People Power after Brexit

When this country took its decision to leave the EU, the deciding factor for many who voted Leave was the sense of powerlessness they feel over changes that are making their lives tougher. The speed of global change has had a dramatic effect. For too many people that change has been damaging, to jobs and to living standards. Whole communities feel abandoned and ignored. So when we were told that Brexit meant taking back control, many voted for it. 

But the truth is the Tories have no intention of giving people control over any of the things that have left too many behind. They’re keeping their plan for Brexit secret. It’s not really a surprise. The Tories are incapable of giving away power. That’s clear from the way they treat local communities.

The Tories claim that they’re committed to localism, to giving local communities a bigger say. Yet they subject local councils to billions of pounds worth of budget cuts with the deepest cuts falling on the poorest areas. That leads to cuts in education, health services, schemes that help the unemployed back to work and the fight against crime. And that, of course, underscores people’s sense of powerlessness.

It’s clear that the Tories don’t trust local communities to make their own decisions. The only thing the Tories trust is money and the market. They’re not interested in giving power to the powerless, they are handing even more to the already powerful.

In the referendum many people voted to take power back from what they regarded as unelected bureaucrats in Brussels. We cannot now allow the Brexit settlement to hand new powers to unelected bureaucrats in Whitehall.

I want to see people given a real voice. Control put back in their hands. Power over their own lives is something the rich have always enjoyed, now it’s time to give the same opportunity to everyone else. And the way we can do it is through local government. Not just making sure that funding is fair and reflects real needs. But learning from those councils that are finding new ways to open up power and decision making to the communities they represent.

That is why I’m today announcing the formation of a new taskforce called Communities for Culture, which will look at how decisions on arts, sports and culture can be placed in the hands of local and regional communities.

I will chair it along with Simon Henig, Vice Chair on Culture, Tourism and Sport at the Local Government Association and leader of Durham County Council. Its members will also include two local leaders drawn from the arts, culture and sports community, who will be appointed soon. Every Labour councillor who holds the culture portfolio at local government level will also be invited to join.

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It will examine how local communities who are sometimes overlooked by arts bodies and cultural institutions can receive their fair share of the UK’s cultural dividend. Crucially, it will seek their views on what services they need and how money should be spent.

Voters embraced the EU referendum because they felt their choice was important and their voice was heard. We need to build on that and find more ways for people to participate in decisions that affect their lives.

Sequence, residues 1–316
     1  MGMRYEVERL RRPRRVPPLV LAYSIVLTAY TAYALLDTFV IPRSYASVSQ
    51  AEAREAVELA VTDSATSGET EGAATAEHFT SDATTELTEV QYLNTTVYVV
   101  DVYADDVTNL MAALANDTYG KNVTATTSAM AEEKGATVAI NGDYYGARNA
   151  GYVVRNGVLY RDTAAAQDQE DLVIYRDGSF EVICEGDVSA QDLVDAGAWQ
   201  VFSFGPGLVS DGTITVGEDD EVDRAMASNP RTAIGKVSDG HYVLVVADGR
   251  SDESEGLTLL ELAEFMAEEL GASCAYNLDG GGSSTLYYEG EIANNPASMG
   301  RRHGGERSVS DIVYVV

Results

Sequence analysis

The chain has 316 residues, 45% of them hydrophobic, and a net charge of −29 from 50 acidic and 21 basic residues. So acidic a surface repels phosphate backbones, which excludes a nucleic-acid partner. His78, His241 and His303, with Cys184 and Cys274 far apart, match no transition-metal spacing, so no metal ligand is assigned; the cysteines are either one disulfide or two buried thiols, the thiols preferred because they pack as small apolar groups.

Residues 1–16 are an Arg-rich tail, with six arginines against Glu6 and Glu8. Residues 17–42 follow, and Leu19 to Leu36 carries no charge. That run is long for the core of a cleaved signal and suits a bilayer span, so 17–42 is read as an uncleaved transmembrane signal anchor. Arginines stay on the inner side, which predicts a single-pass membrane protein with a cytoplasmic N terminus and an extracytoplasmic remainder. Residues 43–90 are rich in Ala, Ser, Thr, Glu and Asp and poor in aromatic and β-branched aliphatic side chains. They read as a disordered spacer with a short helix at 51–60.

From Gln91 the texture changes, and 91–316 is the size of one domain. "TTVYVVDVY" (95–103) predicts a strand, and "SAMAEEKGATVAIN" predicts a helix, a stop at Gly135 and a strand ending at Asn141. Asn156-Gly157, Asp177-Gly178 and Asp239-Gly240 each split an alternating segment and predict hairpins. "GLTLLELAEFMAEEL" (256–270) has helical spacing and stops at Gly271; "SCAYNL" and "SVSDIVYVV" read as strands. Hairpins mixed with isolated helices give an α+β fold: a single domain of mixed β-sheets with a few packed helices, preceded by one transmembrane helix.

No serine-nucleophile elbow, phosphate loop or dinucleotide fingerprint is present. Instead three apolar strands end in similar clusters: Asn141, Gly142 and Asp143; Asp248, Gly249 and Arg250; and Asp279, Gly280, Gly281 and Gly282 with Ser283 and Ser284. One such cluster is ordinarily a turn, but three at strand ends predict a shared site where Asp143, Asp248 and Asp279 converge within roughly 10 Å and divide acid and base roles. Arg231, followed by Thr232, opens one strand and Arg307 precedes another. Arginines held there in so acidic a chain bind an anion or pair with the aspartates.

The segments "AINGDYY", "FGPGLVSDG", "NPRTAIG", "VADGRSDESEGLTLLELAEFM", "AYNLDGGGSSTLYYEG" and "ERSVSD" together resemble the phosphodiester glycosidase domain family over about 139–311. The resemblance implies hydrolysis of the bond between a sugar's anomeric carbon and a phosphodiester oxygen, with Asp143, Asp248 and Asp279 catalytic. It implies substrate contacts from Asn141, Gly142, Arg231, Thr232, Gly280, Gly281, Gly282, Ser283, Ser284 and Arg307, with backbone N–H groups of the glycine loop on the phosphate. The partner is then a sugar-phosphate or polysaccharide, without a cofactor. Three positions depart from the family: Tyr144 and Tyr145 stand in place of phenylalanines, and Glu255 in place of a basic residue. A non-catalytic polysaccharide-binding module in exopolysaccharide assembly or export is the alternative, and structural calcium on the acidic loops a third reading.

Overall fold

Madrid has experimented with the same idea on a larger scale. The city has a pot of money earmarked to be spent on local projects prioritized by local people. Citizens vote on what they want to fund. This is democracy-max, and we need much more of it right across our country.

In Lewisham in south London assemblies of local people decide how to spend a small amount of public money on a ward-by-ward basis. In Brockley, they decided to use it to fund arts and sports projects that helped bring together residents and strengthen community relations.

Communities for Culture will carry out work on a wide range of topics, including the impact of cuts to local government spending on the arts, culture and sport; the role of libraries in the digital age; the impact of the night-time economy on local areas; the provision of services for young people; the structure and funding mechanisms used by arts bodies and the effectiveness of outreach programmes designed to engage less affluent communities.

We must demand more devolution from this Government, and point out the emptiness of their rhetoric when they centralize decision making as they have over schools and housing. I want Labour to be the party of devolution by default, always pushing power down, always finding new ways to give people a real voice over the decisions that affect them.

I have to declare my own interest here. Local government funds and supports the majority of this country’s cultural attractions, tourist destinations, sporting events, libraries and museums. And as well as being Labour's Deputy Leader I am now Shadow Secretary of State for Culture, Media and Sport. 

Giving people a voice in their own communities, giving local councils the ability to act on those demands, will help reduce the sense of hopelessness and exclusion felt by many. A voice at work, a voice in your community, a voice over the public services you use. That’s the real way to let people take back control and I want to see this right at the heart of our party’s vision for national renewal.